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“Bite-Size Bits of Local, National, and Global History”
“Bite-Size Bits of Local, National, and Global History”
Near Lake City in Columbia County, Florida — The American South (South Atlantic)
 

Falling Creek Falls

 
 
Falling Creek Falls Marker image. Click for full size.
By Cosmos Mariner, November 3, 2018
1. Falling Creek Falls Marker
Inscription. Falling Creek Falls Park is a cooperative venture between the Suwannee River Water Management District (SRWMD) and the Columbia County Board of County Commissioners. The SRWMD acquired the land through the Preservation 2000 land acquisition program that protects major water resources in the Suwannee Valley Region. The park is managed by Columbia County.

Falling Creek is a tributary of the Suwannee River. It originates north of Lake City and flows for several miles through the falls area and then goes underground approximately 1/4 mile below the falls. It comes back up to the surface and flows into the Suwannee north of White Springs.

The creek is an intermittent stream that is fed primarily by rains and groundwater when the water table is high. The water level can change very quickly and the creek is frequently dry.

History of Falling Creek
Settlers moved into the Falling Creek and Winfield area in the early 1850s according to the National Register of Historic Places. The first settlers arrived in a wagon train from South Carolina and included the families of Thomas D. Dicks, the Reverend W. J. Greene, Richard Mole, and others. Thomas Dick’s son, James Winfield Dicks, founded Winfield Station on the Georgia Southern and Florida Railroad. He built a mercantile store, which also served as a post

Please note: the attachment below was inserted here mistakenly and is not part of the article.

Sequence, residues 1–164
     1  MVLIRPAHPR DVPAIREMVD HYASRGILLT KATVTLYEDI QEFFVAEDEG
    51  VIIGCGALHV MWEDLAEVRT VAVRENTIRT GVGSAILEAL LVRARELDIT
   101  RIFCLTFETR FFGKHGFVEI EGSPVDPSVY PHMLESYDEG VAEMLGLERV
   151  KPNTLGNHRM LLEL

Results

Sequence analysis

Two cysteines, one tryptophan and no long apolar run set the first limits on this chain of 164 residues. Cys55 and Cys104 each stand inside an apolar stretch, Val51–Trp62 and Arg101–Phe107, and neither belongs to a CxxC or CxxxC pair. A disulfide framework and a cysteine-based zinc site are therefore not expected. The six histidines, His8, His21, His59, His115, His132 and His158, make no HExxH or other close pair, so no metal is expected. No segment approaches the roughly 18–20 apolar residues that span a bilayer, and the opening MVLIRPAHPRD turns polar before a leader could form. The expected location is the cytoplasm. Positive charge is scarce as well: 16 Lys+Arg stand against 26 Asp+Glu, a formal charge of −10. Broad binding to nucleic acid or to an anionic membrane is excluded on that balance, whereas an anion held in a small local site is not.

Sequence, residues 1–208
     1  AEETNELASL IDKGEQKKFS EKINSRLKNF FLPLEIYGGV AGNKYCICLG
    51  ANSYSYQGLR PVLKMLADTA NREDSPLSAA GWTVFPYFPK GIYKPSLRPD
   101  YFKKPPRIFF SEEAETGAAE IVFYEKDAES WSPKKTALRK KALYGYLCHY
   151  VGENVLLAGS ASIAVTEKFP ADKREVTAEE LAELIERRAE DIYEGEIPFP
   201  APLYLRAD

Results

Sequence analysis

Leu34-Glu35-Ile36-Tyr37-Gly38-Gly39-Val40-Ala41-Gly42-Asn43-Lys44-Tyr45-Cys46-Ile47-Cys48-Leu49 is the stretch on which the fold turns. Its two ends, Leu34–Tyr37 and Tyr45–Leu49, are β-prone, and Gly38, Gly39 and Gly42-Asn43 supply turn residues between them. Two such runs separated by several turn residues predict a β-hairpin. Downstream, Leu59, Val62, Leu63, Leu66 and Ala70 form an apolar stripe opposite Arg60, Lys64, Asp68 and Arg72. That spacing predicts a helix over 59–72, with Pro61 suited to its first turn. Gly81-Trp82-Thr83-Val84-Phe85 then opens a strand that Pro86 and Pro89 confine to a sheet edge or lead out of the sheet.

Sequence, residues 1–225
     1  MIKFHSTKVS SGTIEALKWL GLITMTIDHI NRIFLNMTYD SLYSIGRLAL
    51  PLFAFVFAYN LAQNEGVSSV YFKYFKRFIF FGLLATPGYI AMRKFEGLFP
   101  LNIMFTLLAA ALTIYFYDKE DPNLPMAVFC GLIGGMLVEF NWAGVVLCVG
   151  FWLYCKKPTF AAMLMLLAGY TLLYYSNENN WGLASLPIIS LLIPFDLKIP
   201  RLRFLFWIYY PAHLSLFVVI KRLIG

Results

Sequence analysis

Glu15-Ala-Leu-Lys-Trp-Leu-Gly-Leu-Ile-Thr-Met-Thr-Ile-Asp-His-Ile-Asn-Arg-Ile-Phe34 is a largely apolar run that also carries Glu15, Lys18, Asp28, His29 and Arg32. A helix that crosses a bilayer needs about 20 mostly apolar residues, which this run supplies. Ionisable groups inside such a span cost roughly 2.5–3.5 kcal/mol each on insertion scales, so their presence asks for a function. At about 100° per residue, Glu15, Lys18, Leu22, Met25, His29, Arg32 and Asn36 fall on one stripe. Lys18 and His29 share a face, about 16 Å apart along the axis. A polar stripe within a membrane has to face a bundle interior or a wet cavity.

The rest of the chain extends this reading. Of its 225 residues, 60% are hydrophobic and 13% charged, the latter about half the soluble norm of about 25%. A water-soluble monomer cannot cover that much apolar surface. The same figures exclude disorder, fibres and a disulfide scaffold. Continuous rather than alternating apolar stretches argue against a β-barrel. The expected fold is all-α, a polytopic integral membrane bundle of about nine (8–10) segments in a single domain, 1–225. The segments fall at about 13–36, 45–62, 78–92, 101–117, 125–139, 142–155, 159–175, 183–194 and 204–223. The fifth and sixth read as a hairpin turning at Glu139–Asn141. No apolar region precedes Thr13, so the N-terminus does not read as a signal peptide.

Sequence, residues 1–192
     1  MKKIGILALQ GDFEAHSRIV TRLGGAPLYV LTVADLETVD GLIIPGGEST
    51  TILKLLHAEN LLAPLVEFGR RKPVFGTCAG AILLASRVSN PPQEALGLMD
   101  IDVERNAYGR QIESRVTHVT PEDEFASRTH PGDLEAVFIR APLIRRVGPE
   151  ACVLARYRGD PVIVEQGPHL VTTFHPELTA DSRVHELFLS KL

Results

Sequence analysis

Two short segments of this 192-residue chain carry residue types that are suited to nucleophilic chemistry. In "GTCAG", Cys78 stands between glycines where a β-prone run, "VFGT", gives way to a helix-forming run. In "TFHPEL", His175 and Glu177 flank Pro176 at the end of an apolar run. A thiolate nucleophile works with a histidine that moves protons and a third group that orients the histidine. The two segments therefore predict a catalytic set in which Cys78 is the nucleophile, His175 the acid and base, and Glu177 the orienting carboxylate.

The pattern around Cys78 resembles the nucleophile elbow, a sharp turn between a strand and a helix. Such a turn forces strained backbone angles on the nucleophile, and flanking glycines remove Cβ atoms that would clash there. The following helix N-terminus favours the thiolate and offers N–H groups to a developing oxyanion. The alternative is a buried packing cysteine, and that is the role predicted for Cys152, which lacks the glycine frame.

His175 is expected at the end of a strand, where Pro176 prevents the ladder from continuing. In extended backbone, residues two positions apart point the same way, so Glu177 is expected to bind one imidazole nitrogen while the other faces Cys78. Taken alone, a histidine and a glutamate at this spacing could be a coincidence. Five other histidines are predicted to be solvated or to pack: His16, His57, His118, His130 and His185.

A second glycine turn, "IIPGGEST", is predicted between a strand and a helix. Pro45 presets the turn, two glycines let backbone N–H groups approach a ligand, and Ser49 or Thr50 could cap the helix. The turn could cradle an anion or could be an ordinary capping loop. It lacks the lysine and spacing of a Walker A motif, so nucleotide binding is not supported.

Falling Creek Falls Marker Kiosk (<i>wide view; Falling Creek Road in background</i>) image. Click for full size.
By Cosmos Mariner, November 3, 2018
2. Falling Creek Falls Marker Kiosk (wide view; Falling Creek Road in background)
office. At the time the area was settled, Columbia County had a population of 4,646 people, of which 2,069 were slaves.

The history of Falling Creek and Winfield are closely intermingled. At the end of the Civil War, a sawmill was established by L. W. Rivers and a Mr. Reed on Falling Creek. By the 1890s, the naval stores industry brought more growth to the area. A large turpentine distillery, two more general stores, a cotton gin, and a gristmill were opened in Winfield. The building across from the kiosk is believed to have been used as a general store or commissary. It was moved to its present site from Winfield.

The Falling Creek Church, located just up the road, was originally established in 1855 and is listed on the National Historic Register. The church property was acquired by Thomas Dicks in 1855 for $.50 an acre from the Florida Internal Improvement Trust Fund. A log church was built on the site and served the community until 1885, when the present church building was constructed. The church was built out of local materials and features two front doors, one for men and one for women. It was the common custom for men and women to sit on opposite sides of the church. The church is still in use today and is open to the public every day. A one-room schoolhouse was also built on the site in 1887 and was in use until the mid 1930s. The school building is